The Association of Mortgage Intermediaries says advisers are struggling to keep up with regulatory changes and the cost of regulatory.
The trade association’s latest survey of members reveals 47% of mortgage brokers feel keeping up to date with regulatory changes to be the greatest challenge they currently face.
A further 13% say completing the Retail Mediation Activities Return (RMAR) creates problems while 12% say record-keeping is an issue.
Other aspects of regulatory difficulty include training and competence, obtaining key facts illustrations from lenders and sourcing systems and Treating Customers Fairly (TCF) requirements.
Regulations and the cost of compliance were cited by the majority (53%) of intermediaries as the greatest concern to their business while 23% feared a market slowdown. Other concerns included reduced procuration fees, client retention and maintaining staffing levels.
Ami members were also asked what they considered to be the greatest opportunity for their businesses with 29% saying they would be extending their use of fee-charging and17% saying they would be moving into the equity release market. A further 15% claimed they would be expanding their offerings providing commercial mortgages while 11% would offer second-charge loans.
But there was a significant downturn in the number of mortgage intermediaries who said they would be moving into the protection market down from 19% last year to 6%.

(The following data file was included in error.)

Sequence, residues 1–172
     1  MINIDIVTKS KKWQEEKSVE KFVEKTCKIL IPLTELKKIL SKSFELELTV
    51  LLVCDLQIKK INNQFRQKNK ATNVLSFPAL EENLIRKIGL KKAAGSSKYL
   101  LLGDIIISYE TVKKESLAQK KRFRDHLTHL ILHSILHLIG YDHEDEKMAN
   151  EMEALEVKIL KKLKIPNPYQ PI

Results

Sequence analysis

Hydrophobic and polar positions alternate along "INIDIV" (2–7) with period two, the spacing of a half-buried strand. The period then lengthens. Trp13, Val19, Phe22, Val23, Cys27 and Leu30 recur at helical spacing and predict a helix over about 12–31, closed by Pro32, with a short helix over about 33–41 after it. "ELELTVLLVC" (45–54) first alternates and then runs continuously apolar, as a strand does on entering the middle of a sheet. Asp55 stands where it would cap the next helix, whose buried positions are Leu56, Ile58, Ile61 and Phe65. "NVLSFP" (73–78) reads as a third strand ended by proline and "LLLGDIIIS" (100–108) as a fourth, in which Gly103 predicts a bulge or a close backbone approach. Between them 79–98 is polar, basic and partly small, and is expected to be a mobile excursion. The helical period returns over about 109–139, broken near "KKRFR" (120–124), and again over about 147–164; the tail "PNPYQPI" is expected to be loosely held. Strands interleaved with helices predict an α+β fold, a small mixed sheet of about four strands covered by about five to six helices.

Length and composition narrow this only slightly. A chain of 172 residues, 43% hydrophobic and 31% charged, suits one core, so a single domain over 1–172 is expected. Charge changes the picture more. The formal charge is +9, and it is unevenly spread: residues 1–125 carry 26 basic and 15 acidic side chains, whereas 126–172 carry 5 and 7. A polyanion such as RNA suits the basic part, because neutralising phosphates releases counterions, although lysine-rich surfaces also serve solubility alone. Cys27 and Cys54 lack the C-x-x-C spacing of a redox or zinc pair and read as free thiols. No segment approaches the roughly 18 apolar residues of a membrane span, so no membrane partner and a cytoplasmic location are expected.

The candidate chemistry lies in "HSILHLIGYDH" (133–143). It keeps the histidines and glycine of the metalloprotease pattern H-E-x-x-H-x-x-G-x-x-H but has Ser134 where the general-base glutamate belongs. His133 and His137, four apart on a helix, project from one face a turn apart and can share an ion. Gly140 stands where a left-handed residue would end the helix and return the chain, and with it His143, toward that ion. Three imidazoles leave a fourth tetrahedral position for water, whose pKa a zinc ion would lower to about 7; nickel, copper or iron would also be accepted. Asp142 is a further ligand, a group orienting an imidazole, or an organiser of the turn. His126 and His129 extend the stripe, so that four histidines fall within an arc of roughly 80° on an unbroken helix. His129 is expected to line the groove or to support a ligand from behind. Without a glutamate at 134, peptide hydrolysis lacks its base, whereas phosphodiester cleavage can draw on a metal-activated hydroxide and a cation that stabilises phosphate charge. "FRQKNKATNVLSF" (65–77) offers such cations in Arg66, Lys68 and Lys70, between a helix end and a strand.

Rob Griffiths, associate director at Ami, says greater scrutiny of the payment protection insurance (PPI) market from the Financial Services Authority (FSA) could be the cause of this.
The Office of Fair Trading announced last week that it had referred the entire PPI market to the Competition Commission - a move that was met with surprise by the Council of Mortgage Lenders although not by consumer bodies which came out in support of a further investigation into the practices of PPI providers.
Griffiths suggests the results of the survey cleary show intermediaries are concerned about how they can keep up to speed with the large volume of work the Financial Services Authority is undertaking.
“The FSA’s and European regulatory agenda is full to say the least and firms, especially those smaller firms, will need to have a firm handle on any changes that are being made,“ says Griffiths.
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